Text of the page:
Authors: Adams, Bradley R; Fry, Andrew R; Tree, Dale R
Brigham Young University, Provo, UT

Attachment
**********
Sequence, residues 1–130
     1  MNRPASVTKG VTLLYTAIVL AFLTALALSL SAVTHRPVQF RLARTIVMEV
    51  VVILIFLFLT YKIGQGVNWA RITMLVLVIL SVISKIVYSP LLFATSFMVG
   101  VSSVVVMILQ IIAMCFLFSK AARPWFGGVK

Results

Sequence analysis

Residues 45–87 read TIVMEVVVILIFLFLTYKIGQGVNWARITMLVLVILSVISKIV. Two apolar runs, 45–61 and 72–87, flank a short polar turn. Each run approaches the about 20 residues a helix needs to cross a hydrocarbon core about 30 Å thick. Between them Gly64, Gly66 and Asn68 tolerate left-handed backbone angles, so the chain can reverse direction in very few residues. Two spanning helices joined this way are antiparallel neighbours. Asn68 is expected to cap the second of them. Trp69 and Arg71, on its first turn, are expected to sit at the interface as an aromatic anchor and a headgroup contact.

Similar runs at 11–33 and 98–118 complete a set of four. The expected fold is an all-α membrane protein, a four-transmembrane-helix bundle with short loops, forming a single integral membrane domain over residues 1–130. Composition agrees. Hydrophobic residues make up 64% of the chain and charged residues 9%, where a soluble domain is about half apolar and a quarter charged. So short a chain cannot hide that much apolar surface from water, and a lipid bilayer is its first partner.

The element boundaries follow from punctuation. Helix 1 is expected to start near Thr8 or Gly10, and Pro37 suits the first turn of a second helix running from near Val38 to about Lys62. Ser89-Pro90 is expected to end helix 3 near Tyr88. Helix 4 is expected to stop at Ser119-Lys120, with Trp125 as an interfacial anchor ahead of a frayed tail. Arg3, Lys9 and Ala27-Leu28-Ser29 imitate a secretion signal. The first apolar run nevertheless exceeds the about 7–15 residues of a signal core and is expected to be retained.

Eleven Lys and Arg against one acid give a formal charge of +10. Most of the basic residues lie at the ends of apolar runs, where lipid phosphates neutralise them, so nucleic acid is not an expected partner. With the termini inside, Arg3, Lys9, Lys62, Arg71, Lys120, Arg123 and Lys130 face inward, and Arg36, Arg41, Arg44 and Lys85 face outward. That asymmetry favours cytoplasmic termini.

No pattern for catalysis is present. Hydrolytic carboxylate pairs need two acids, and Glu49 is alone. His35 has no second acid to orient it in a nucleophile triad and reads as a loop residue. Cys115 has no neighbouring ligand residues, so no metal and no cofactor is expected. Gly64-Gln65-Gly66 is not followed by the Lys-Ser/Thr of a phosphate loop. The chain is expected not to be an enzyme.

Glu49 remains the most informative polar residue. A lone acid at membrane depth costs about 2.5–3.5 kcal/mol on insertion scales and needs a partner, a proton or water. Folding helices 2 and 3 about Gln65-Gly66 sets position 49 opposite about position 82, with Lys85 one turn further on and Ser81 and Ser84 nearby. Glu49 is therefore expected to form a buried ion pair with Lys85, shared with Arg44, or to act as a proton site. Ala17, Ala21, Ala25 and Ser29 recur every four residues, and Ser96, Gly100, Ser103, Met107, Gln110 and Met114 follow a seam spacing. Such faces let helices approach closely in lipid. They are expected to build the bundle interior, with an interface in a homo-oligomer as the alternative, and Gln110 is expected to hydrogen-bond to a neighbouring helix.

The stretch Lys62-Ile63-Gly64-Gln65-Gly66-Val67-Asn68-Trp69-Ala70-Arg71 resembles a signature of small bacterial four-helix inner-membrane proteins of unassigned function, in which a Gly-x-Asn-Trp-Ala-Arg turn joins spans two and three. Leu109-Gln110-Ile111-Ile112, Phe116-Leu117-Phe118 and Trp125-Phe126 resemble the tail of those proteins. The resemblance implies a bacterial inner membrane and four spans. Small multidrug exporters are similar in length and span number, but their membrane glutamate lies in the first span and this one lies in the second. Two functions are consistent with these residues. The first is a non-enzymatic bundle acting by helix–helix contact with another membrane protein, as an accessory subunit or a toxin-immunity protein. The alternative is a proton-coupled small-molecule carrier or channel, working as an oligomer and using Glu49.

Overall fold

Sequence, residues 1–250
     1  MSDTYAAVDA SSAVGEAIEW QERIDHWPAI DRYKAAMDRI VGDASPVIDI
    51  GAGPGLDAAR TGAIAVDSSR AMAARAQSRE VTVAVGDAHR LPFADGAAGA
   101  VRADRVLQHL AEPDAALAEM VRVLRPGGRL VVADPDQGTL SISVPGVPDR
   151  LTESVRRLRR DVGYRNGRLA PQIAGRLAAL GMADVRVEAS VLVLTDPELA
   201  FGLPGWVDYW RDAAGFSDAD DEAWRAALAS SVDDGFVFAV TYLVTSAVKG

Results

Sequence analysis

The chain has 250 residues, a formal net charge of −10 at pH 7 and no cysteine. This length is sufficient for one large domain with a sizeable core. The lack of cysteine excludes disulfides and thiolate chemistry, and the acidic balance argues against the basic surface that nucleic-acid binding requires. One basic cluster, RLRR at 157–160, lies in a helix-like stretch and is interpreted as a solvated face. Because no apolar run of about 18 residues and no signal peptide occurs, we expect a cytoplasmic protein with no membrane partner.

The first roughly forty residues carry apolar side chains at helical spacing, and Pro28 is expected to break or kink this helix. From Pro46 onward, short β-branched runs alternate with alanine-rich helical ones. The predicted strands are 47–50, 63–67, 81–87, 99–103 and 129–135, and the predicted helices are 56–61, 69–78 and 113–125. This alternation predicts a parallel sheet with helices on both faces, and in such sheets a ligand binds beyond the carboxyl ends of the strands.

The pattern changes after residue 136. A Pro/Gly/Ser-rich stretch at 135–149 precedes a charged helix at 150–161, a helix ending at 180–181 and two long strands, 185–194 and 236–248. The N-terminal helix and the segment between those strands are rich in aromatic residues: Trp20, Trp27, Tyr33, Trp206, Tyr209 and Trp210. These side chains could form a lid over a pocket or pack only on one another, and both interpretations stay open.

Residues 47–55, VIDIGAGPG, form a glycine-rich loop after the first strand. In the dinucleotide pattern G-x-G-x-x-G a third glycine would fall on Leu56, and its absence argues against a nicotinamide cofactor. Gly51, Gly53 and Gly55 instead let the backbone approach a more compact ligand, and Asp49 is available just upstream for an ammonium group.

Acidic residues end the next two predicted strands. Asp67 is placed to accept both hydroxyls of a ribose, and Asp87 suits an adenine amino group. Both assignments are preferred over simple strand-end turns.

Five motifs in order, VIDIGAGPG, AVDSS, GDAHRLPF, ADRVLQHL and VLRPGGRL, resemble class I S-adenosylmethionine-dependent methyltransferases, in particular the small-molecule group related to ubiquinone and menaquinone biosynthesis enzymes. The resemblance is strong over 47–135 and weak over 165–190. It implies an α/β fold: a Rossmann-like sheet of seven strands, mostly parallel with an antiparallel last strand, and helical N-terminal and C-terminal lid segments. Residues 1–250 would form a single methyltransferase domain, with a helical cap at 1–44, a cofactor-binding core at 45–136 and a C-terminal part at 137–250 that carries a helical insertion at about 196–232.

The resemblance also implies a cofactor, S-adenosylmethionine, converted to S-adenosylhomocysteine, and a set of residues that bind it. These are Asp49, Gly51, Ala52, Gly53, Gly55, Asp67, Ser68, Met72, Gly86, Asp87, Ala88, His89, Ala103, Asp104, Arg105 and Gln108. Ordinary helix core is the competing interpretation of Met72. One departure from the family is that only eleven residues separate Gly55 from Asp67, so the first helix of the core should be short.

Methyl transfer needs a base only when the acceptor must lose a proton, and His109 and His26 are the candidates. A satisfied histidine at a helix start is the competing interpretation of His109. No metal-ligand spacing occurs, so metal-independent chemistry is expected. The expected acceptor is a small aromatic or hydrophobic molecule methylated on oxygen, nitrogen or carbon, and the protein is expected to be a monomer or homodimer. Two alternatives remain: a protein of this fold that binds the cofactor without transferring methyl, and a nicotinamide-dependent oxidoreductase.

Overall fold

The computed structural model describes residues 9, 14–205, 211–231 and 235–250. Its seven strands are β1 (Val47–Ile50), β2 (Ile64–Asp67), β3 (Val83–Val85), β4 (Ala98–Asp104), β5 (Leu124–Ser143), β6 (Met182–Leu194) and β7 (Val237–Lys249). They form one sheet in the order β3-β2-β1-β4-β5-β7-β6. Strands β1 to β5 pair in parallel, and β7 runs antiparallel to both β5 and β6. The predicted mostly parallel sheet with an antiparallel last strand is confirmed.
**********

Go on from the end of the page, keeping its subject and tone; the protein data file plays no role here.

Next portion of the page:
Abstract: Researchers at Brigham Young University (3 faculty, 9 graduate students, and 35 undergraduate students) completed this 5-year research program with the main objective to build and test a 100 kWth pressurized dry-feed oxy-coal combustor (POC). This objective was achieved through the development and testing of a unique pressurized dry coal fluidization feed system that operates in conjunction with a pressurized oxy-coal combustor. The project included a series of R&D tasks, including design, modeling, bench-scale testing, construction, safety reviews, and reactor testing. BYU researchers were supported in some modeling tasks by project partners Reaction Engineering International (REI) and CPFD Software. The heart of the constructed POC system is a 1.83-m long vertically oriented refractory lined pressure vessel with a 0.762 m OD and 203 mm ID. It is capable of operation up to a pressure of 27.5 bar and wetted wall temp of 2033 K. Optical access is included at five elevations. The POC is down fired, and the burner consists of cylindrical refractory block with a center protrusion of three annular tubes and an outer array of eight additional tertiary tubes. The center tube has a 4.92 mm ID and introduces coal and CO2. The first annulus has an ID of 6.35 mm and a cross sectional area of 19.07 mm¬2 and injects a variable mixture of O2 and CO2. The third annulus is only used at startup. Eight tertiary tubes each with an ID of 3.86 mm oriented in an equally spaced array around the center annulus at a diameter of 162 mm introduce additional O2 and CO2. CFD modeling was used to optimize the burner dimensions and operation for desired heat release profile and particle entrainment. The hot effluent exits the reactor horizontally near the bottom with gas temperature up to 1755 K and then is first quenched by water spray and then cooled in a vertically oriented shell and tube heat exchanger (HX). A trap and lock hopper remove condensate and ash from the HX. At the outlet of the HX a manifold of parallel valves 1) allow atmospheric operation, 2) perform fine pressure control when operating at pressure, and 3) allow emergency depressurization. Subsequent valves reduce the combustion gases to atmospheric pressure and introduce dilution air before the gases pass through a cyclone separator to remove any remaining particulates. Coal is fed to the reactor using a pressurized fluidized bed system developed for pulverized coal. Proof of concept was performed using a bench-scale apparatus which measured coal flow rate as loss-in-mass at a nominal 13.5 kg/s. The flow rate was correlated to fluidization, dilution, and exhaust flows of CO2 and it was determined that a steady rate of coal could be delivered at the nominal rate. The full-scale feeder consists of a 6 in. SCH 80 pipe, 4.57 m (15 ft) in height which acts as a coal storage hopper coupled to a 2 in. SCH 80 pipe acting as a fluidized bed with ID of 4.93 cm. The full-scale feeder is designed to operate in batch mode and can provide 13.5 kg/s pulverized coal for approximately 6 hours at pressure. The POC is controlled using a OPTO 22 PLC with 120 I/O points. Before operation, a full Hazard and Operability Analysis (HAZOP) review was conducted on the reactor by the project team, BYU internal safety and risk management personnel, and personnel from an external company that specializes in oxygen-fuel combustion and equipment. The reactor has been operated on coal at pressures of 13.8 Bar. Operation at steady state coal flow has proven to be challenging. Additional factors that were determined to impact the coal feed rate were feeder/reactor pressure differential and coal bridging. These variables were identified and controlled near the end of the project. It was shown that a pressurized oxy-coal flame was measured by the radiometers and showed good response to flame shape and natural fluctuations in flame luminosity with a highly radiating flame extending out past the first port at 305 mm beyond the burner face. Several process models and CFD packages were used to support POC design and operation. The Barracuda CFD software from CPFD was used to model dense phase flow in the coal feed system and guide design of the fluidization system. The GLACIER reacting CFD code from REI was used to guide design of the reactor firing system and benchmark the FENICS enhanced process model. The FENICS process model developed for this project at BYU utilizes a one-dimensional zonal model for gas-phase equilibrium calculations, a prescribed axial distribution of coal devolatilization and char oxidation, a three-dimensional radiation model, and a heat conduction model for the refractory layers. FENICS was shown to produce a reasonable representation of data and full CFD predictions at a fraction of the computation time, which is useful for scoping and optimization tasks.